Where do I get my ideas?

From almost anywhere! I might be inspired by a scene in a movie, or an article in a magazine, a dream, or a snippet of overheard conversation.

Do I read reviews of my stories?

Yes. Positive reviews are elating; negative reviews can send my mood into a tailspin. Intellectually, I know I can’t please every reader, but emotionally I need to try.

What are my favorite and least favorite things about being an author?

I enjoy the unbound freedom of creating the first draft of a story, and I enjoy the analytical precision of editing subsequent drafts. What I don’t enjoy is writing synopses, cover letters, and promotional ads.

Who is my favorite author?

Tough question! Here are a few of my favorites: Dean Koontz, Stephen King, F. Paul Wilson, Orson Scott Card, Frank Herbert, Michael Crichton, Larry Niven, Edgar Allen Poe.

Why did I become a writer?

Forgive me for providing a long answer. When I attended second grade, the students fell into three groups: a few smart kids, a lot of average kids, and my group—the three slowest learners. I struggled to understand numbers, writing, and especially reading. I recall the burn of embarrassment at having to read out loud, those long awkward pauses between each syllable as I tried desperately to remember what sound went with each squiggle on the page.

One day midway through the year, Mrs. Carpenter called on me to read. But this time as I stared at the page, magic happened. The squiggles became words and they spoke silently inside my head. Dumbstruck, enthralled, I watched the book morph into something more. The teacher called my name again, patiently prompting me to speak.

I read the first sentence. Smoothly, without hesitation, because it now made sense. It had meaning. I read the next sentence. And the next. The whole paragraph. The whole page.

I looked up and saw wonder on her face. I wanted to laugh, but started to cry.

I went from the slowest group to the fastest. Words unlocked everything. I got a library card and read as much as fast as possible. Books let me escape into worlds fun and fair. Books were never too tired for adventure, they never criticized when I was slow to grasp a new idea. Mythic heroes taught me honor and morality. The World Book Encyclopedia tutored me in facts. My grades went from D’s and F’s to A’s and B’s, and stayed there throughout high school and college.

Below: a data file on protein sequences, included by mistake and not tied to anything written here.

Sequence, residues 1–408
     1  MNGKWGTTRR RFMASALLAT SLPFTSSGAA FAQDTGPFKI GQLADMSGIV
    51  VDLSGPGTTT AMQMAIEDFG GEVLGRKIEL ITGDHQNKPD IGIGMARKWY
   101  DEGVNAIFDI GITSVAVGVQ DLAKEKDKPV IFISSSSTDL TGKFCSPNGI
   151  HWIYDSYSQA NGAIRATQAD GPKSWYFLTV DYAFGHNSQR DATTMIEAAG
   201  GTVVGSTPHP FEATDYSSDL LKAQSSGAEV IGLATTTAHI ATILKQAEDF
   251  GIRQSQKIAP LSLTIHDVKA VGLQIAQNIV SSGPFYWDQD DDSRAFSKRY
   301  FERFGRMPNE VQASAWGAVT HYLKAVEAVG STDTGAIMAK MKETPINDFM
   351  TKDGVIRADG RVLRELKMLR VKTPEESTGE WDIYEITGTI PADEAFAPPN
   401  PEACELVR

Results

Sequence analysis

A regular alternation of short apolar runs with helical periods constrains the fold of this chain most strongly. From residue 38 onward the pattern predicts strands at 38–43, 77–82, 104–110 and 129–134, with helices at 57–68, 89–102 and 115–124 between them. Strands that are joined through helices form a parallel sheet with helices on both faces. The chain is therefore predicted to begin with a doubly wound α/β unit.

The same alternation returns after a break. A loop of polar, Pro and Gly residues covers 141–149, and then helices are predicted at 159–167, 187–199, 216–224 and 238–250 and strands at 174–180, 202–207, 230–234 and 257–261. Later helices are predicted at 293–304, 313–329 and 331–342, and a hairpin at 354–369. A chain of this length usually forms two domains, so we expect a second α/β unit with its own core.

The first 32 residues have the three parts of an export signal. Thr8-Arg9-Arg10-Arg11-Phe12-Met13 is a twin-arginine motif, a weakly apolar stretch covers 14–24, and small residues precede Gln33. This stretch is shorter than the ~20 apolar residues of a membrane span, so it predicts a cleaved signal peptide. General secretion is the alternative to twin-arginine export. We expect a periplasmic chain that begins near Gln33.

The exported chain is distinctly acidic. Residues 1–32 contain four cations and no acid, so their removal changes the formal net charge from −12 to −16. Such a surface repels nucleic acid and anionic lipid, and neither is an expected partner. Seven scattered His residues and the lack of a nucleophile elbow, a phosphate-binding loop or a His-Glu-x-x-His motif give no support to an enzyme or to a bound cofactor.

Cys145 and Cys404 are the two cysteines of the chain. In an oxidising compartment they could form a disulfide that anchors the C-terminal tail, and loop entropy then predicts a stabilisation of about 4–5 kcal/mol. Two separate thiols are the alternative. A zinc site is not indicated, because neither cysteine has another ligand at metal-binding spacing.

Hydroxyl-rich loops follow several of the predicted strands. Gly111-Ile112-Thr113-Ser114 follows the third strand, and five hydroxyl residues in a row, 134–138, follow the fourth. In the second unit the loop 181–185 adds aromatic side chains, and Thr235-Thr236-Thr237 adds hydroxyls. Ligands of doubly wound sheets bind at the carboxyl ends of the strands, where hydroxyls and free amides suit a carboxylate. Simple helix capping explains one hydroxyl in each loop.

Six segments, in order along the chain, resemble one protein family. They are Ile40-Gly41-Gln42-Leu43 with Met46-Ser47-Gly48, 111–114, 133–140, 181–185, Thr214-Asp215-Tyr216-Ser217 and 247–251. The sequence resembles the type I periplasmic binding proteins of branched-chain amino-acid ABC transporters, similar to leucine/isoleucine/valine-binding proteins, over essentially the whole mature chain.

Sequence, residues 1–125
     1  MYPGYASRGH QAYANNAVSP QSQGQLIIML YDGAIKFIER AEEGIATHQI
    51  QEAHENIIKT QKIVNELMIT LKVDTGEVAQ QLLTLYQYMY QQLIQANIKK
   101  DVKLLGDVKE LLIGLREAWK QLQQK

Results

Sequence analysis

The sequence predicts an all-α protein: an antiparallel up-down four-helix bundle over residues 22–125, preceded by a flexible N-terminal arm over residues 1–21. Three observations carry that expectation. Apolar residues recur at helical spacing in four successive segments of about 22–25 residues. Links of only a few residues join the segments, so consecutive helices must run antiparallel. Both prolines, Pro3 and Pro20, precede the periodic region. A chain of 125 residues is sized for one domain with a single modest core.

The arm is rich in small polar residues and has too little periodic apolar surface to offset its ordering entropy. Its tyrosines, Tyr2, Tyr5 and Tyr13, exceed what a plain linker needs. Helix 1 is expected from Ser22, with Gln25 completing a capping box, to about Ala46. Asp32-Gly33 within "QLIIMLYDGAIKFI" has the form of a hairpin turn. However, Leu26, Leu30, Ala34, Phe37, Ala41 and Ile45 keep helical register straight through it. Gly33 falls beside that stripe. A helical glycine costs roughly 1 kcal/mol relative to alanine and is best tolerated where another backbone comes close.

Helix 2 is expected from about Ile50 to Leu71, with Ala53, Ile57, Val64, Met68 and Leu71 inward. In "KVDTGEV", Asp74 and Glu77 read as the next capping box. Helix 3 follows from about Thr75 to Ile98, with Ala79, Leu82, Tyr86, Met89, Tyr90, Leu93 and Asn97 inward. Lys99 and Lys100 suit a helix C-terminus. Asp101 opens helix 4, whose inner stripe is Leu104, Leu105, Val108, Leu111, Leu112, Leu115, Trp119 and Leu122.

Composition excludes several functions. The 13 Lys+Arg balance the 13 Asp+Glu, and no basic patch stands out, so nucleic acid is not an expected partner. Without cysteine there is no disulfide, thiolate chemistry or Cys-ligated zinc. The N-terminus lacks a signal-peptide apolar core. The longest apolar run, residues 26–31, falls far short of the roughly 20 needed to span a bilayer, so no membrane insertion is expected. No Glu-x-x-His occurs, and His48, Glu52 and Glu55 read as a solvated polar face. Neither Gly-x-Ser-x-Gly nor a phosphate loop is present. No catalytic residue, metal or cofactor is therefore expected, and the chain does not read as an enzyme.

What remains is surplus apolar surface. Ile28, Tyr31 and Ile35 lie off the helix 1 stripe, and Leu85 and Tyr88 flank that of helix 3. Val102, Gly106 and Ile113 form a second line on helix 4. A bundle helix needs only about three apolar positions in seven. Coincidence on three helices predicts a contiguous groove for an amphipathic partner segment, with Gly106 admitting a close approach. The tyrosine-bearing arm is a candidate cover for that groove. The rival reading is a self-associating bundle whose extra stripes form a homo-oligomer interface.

Eventually, I tried writing. Essays. Articles. Short Stories. Poetry. The magic worked in reverse, transferring ideas into words. Writing was exhilarating, even addictive, but also frustrating. I wanted to create works so pure that words disappear, leaving only story. My idols Frank Herbert, Michael Crichton, and Dean Koontz had done it. But my every effort failed to reach their level of subtlety, realism, and power. Instead of crisp Rembrandts, my stories were fuzzy Monets. I needed help.

I began attending workshops and learned that writing is a craft that can be mastered. Study and practice sharpened words into scalpels. Loose plot threads wove into vivid tapestries. I now attend workshops every year, critique groups every month, and write something every day. Each piece calls forth the same magic that unlocked the mind of a seven-year-old boy more than half a century ago.

Magic. Wonder. That’s why I write.


But I also write in defiance of fear.

The most terrifying story I’ve ever read is Flowers for Algernon, by Daniel Keyes. Its message is that nothing very good lasts for long. One day by stroke, Alzheimer’s, or accident, the magic might go away. Then I’ll look at the squiggles on a page and remember once upon a time they were something more. Until that happens, I will never stop writing.

What hobbies and interests do you have outside of writing?

Like many authors, I love to read. In fiction I gravitate toward science fiction, fantasy, and horror. In non-fiction, I am fascinated by articles in Scientific American, Discover, and Skeptic magazine. Outside of reading, I enjoy playing chess, solving super-hard sudoku puzzles, and taking walks in the woods.

Are writing workshops worthwhile?

Absolutely! I try to attend at least one workshop or seminar every year. Learning the craft of writing from successful authors, agents, and editors has honed my skill and expanded my horizons.

Do I belong to any critique groups?

Yes. I find the exchange of ideas stimulating, and receiving feedback from several viewpoints makes me more aware of how readers will react to my work.

Are you a pantser or a plotter?

I don’t write from the seat of my pants. I use a very structured approach. I start with an idea, some sort of premise. What is the goal? What sort of obstacles? What are the stakes? I make notes on the setting—the when, where, and mood of the story. I identify the main characters and create detailed dossiers on each one. Next comes the plot outline, with notes on every scene. This usually ends up being about a dozen single-spaced pages. Finally, I write the first draft based on that outline and my knowledge of each character.

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